Most say this is the best garden of all China. The architecture is definitely impressive, but the grounds left little to be desired. With the overrun of people, most of the ground was just dirt and the massive amount of concrete didn’t make it feel like a garden. Add all the people in the mix and Briana, Nathan and I couldn’t get out of there fast enough.

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Sichuan Province – LeShan and the Giant Buddha



Today was the day I was looking so forward to. After researching the Sichuan Province, the Giant Buddha was what I wanted to see the most. As you can see from the photos, our hotel bed, made up of twin beds, was small and comical. It was also a rainy, gray day.

Once we reached LeShan, we walked through an open food market. I have to share about how nervous the kids and I were to walk through the meat section. Since we were offered dog as a choice meat to eat at last night’s dinner, very “sweet” meat they told us, we were so afraid to see a hanging butchered dog or even cages of bunnies for meat. Luckily, we didn’t see either. Thank goodness. The meat was just fish, frogs, pork, chicken and duck. The meat didn’t even have an odor. You could tell it was all freshly butchered that morning. I have a few photos of the market and the people.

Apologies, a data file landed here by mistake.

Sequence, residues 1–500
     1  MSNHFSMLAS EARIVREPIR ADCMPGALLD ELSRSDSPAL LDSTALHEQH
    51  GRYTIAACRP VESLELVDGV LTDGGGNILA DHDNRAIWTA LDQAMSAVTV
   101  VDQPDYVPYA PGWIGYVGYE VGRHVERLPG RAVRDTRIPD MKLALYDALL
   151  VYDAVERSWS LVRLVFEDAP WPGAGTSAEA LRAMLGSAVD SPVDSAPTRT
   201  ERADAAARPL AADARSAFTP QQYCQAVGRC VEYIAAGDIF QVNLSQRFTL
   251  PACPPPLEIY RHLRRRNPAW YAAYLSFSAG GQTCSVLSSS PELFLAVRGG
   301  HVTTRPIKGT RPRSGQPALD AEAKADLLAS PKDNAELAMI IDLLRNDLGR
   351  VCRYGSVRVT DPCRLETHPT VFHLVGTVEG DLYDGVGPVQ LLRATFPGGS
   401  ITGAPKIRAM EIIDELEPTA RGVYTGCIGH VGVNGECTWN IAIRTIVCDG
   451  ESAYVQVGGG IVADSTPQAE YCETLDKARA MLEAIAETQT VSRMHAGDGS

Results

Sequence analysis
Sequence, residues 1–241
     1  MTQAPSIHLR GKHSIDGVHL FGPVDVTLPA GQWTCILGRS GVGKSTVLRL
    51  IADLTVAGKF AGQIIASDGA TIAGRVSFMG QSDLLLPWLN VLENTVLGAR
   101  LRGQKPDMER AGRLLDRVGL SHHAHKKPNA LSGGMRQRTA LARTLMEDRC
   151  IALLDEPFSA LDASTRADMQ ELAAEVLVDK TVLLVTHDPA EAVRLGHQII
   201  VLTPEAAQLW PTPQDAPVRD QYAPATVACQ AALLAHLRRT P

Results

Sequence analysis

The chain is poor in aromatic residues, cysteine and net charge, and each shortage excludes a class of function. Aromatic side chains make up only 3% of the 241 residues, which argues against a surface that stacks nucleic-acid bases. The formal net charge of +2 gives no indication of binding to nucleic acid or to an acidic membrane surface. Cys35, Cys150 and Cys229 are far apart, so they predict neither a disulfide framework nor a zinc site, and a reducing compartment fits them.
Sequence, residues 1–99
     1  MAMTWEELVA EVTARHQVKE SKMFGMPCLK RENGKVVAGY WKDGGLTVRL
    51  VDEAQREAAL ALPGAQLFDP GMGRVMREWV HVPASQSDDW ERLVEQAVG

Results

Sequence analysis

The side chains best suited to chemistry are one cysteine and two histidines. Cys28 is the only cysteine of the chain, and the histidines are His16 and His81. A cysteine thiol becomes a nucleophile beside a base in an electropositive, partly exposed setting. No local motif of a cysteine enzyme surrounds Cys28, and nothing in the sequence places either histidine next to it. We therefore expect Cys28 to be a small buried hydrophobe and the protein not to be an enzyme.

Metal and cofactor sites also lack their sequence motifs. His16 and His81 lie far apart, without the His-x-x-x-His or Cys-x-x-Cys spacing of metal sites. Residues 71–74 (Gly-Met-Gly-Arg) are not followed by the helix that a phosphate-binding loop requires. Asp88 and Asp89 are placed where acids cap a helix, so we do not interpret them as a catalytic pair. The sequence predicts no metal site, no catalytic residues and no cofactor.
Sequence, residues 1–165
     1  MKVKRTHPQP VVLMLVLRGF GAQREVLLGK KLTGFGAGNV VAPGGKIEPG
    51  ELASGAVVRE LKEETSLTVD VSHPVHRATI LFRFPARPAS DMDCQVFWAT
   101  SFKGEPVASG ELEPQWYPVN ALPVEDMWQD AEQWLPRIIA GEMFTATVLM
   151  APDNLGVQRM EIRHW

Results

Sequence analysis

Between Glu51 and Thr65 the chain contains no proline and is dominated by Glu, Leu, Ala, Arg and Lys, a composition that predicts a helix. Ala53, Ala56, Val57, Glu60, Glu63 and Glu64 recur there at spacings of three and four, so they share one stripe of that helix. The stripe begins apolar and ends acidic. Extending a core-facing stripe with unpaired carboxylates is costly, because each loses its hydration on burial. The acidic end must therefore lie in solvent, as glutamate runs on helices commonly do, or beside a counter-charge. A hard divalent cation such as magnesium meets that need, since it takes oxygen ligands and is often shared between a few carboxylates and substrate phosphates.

The Giant Buddha, called Dafo, is carved into the red sandstone face of the Lingyun Hill overlooking the treacherous gorge of the Min, Dadu and Qingyi rivers below. In 713AD a monk, Haitong, felt to safeguard passing of boats a protective icon was needed in the cliffs. By the time the buddha was carved, the debris changed the gorge forever and made it safe for boats to pass. Haitong lived in a cave behind the Dafo’s head and when the local officials threatened to blind him if he didn’t take a cut in funding, the monk gouged his own eyes out to prove his dedication to the work of the Dafo. The statue was completed after his death in 803AD and only due to funds donated by the regional governor, Wei Gao. He donated his own salary to finish the legs and feet.